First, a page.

Audio for Theatrical Performances
I have worked for a number of years in small community theatrical groups, where I helped with audio and lighting. I trained the techs who would work in these two arenas for a production and often manned the sound board myself, as the lighting requirements were less technical.
One serious issue that often arises with amateur performers is failure to project. Stage actors generally must raise their voice level over a normal speaking level for the mics to pick them up adequately. The stage manager and director should insist on proper projection and articulation from every actor. This has significant impact on the quality of sound of the production. As the tech person, you may have to bring up this subject to those in charge or mention it to the actors personally. If there is an issue with a single performer, discuss the problem privately.
The key issue that is usually a problem is how to amplify the voices of the actors optimally. I have tried quite a few possible approaches. Boundary mics can be used in certain situations, but for actors moving about the stage in an auditorium that is acoustically live, it is usually impossible to get sufficient gain before feedback with these mics. A lot of floor noise intrudes. We have also tried hanging condenser mics, but these don’t work well with actors moving around. The volume varies considerably, and feedback is usually a problem. Sound bounce from the floor is a problem. Some groups have success with “shotgun” mics, but I have not personally tried these. They may work in some situations, but my thinking is that with actors moving about, these will not work well.
A common mic for actors is a lavalier style. A small condenser mic is placed on the actor’s body in some fashion and connected to a wireless backpack clipped to the actors’ body in some way. The Sennheiser 6212 is a miniature transmitter designed for actors. (Just the transmitter is $3000!) More conventional transmitters are much less expensive.
This style of mic can work well, but if actors need to make rapid costume changes, these can get in the way, necessitating that the mic capsule be taped to the body somehow and the transmitter secured to undergarments also. Perspiration can cause issues with the transmitters, and sometimes the actor’s body can cause issues with reception. Small rubber grommets can be place on the mic wire to keep perspiration from getting to the capsule. Typically, it is almost impossible to get the mic closer than about 6 to 8 inches from the performer’s mouth, limiting the gain before feedback to some degree.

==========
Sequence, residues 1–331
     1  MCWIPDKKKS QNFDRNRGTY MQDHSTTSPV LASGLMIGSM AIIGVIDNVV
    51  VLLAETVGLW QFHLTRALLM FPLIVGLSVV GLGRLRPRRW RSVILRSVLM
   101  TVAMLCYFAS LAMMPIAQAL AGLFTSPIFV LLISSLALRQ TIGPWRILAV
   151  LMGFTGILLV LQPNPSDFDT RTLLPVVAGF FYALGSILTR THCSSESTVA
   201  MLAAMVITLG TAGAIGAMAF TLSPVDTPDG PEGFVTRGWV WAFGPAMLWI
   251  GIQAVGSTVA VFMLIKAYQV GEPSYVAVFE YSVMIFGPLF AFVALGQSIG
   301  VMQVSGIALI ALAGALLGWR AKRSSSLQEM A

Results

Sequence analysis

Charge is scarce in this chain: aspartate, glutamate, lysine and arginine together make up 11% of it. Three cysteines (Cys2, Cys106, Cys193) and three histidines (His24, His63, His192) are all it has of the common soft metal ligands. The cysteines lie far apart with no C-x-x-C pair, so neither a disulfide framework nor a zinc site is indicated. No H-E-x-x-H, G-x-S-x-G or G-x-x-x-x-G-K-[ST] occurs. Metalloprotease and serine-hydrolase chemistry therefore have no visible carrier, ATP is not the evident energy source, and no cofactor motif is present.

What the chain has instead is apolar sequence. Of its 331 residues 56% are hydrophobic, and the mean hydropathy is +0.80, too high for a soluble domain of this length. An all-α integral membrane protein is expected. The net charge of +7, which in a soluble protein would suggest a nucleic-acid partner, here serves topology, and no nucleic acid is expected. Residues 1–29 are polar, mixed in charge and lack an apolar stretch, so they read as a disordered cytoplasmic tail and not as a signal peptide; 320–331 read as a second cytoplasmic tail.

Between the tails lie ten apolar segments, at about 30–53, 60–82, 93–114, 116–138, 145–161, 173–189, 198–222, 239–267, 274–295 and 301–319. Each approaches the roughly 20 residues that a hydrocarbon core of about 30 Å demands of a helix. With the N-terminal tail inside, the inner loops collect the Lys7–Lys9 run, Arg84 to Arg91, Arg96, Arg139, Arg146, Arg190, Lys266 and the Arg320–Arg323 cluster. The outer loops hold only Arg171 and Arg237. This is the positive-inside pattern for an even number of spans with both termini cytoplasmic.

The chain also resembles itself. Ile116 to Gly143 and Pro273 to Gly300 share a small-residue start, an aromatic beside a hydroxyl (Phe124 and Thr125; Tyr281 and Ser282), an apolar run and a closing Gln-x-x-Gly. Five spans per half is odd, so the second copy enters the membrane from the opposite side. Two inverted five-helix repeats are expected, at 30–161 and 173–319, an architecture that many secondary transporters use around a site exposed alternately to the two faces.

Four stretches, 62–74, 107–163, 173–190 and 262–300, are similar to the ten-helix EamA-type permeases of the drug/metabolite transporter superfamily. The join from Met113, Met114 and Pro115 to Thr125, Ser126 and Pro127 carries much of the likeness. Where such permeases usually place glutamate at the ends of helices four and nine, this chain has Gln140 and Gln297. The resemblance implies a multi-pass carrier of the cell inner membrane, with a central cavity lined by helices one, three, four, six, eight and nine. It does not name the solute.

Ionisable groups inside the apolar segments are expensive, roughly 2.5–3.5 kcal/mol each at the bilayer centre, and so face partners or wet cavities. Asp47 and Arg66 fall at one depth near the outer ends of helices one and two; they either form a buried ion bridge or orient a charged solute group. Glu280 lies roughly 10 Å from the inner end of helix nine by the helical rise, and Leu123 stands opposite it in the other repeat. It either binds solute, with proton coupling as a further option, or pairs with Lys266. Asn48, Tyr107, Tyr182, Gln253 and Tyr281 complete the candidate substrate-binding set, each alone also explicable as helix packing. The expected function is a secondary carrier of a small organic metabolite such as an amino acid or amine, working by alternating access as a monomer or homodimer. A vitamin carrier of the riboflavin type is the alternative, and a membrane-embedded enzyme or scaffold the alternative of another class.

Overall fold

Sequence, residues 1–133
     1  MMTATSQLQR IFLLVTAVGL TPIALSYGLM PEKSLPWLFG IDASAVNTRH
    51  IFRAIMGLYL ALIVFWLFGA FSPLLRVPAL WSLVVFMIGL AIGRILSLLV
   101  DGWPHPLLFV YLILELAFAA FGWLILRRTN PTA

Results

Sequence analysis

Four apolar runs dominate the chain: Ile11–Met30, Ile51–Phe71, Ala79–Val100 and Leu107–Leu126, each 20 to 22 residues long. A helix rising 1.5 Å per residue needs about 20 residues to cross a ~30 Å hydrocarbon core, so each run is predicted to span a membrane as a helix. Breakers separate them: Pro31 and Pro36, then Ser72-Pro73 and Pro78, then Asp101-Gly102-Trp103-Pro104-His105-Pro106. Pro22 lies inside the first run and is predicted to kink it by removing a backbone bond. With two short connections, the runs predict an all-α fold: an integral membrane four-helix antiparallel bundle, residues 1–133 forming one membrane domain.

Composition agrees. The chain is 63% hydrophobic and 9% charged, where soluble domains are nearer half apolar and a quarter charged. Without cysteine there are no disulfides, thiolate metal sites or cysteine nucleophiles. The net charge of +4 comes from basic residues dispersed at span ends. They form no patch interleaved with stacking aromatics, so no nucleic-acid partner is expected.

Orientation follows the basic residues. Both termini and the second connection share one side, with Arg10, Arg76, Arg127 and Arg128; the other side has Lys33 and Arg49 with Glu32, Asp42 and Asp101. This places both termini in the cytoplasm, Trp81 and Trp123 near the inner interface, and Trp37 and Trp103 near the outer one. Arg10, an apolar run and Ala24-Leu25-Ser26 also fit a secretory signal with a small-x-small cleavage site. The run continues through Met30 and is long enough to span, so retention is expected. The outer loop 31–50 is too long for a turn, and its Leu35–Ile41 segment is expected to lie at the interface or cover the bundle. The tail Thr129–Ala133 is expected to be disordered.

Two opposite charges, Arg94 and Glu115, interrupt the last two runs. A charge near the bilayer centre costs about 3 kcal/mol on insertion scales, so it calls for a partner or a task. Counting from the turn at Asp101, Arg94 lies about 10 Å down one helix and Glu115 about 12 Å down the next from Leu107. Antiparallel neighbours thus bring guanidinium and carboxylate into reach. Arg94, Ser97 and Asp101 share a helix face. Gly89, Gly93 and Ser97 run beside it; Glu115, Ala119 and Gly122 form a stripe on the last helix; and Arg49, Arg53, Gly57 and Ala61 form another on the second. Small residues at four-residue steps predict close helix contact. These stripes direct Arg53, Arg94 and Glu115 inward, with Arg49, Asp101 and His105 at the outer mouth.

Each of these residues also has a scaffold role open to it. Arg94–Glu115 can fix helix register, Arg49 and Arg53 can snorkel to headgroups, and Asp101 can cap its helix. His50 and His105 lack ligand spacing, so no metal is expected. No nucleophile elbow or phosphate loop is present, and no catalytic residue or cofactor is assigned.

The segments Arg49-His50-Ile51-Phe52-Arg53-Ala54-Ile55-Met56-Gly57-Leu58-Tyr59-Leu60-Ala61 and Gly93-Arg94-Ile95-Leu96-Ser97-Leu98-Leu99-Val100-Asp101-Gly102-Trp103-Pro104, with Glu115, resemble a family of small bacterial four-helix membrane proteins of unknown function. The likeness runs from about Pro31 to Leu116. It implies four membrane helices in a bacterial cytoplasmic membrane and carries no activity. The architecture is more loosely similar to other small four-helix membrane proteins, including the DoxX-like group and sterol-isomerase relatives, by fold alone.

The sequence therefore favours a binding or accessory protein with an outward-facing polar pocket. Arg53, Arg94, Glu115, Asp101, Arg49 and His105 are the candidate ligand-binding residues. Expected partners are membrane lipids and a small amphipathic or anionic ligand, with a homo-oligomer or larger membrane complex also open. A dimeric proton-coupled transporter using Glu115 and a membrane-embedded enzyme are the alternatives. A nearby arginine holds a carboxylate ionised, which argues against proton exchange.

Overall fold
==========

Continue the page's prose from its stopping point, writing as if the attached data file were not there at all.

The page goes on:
Enter the headset or earset mic. These are small condensers that can be placed within an inch or so of the actor’s mouth, providing optimal gain before feedback. This means that the signal level at the mic is increased 30 to 40 times over that of a lavalier. That equates to at least 15 dB of gain. If it is necessary to move the mic back toward the ear or to be placed at the forehead, the extra gain may be reduced significantly.
One still has to deal with backpack issues, and keeping the mic in place during costume changes can be a challenge, as well as when actors need to have their faces close together, but the extra gain and isolation these mics afford is usually worth it. The performers need to be coached and use their own ingenuity as to how best to overcome the issues of placement of the mic capsules and transmitters, The Shure video to the right shows several techniques for using lavalier mic capsules on stage. It points out that it may be desirable to have more than one lav element available for some actors, for example, when their sweat disables their mic. They show how to make ear rigs to hold mic elements in place, Also see How Microphones are used for Hamilton. Some firms have dual element mics for redundancy. Many factors come into play with regard to using wireless body packs for theater. See Helpful Resources below for resources about this.
Lavalier and headset capsules can be omni-directional or cardioid. Omnis can have a smoother frequency response, but are more feedback prone. However, it is easier to hide them, and their orientation is not as important as with cardioids. Cardioids are less prone to feedback, but they must be oriented so they are directed toward the performer’s mouth and can be more sensitive to plosives.. For theater work, omnis give more flexibility. A lot depends on the acoustics of the venue as to which type is preferred. Small foam pop filters are desirable, but it is easy to lose these with costume changes, and the mic’s presence is more obvious unless it is hidden.
It goes without saying, I suppose, but the mic connectors must match those on the transmitters. Most manufacturers have their own style of connector. Examples are shown in the picture to the right. Shure uses the 4-pin TA4F connector (TQG), Sennheiser uses a locking version of the 3-pin 3.5 mm plug, and AKG uses a 3-pin TA3F plug. Some Samson mics use this 3-pin connector. Audio Technica uses a locking version of the Hirose 4-pin connector.
There is a wide range of prices among lavalier mics. For example, you can buy a lavalier that comes with its own transmitter and receiver (Fifine K037B) for $45. Countryman and DPA both make excellent mics, but they tend to be expensive. Be sure to research and test various lavs carefully. If these must be placed on a sweaty actor, be sure the one you choose is up to the task. It is amazing how rough actors can be with their mics, The capsule and the wire must be durable. You do not want a mic to stop working during a performance. The picture at the right shows how a lavalier can be hidden behind an actor’s eyeglass frame. Use a small piece or two of gaffer’s tape inside the frame so no tape is seen on the frame itself.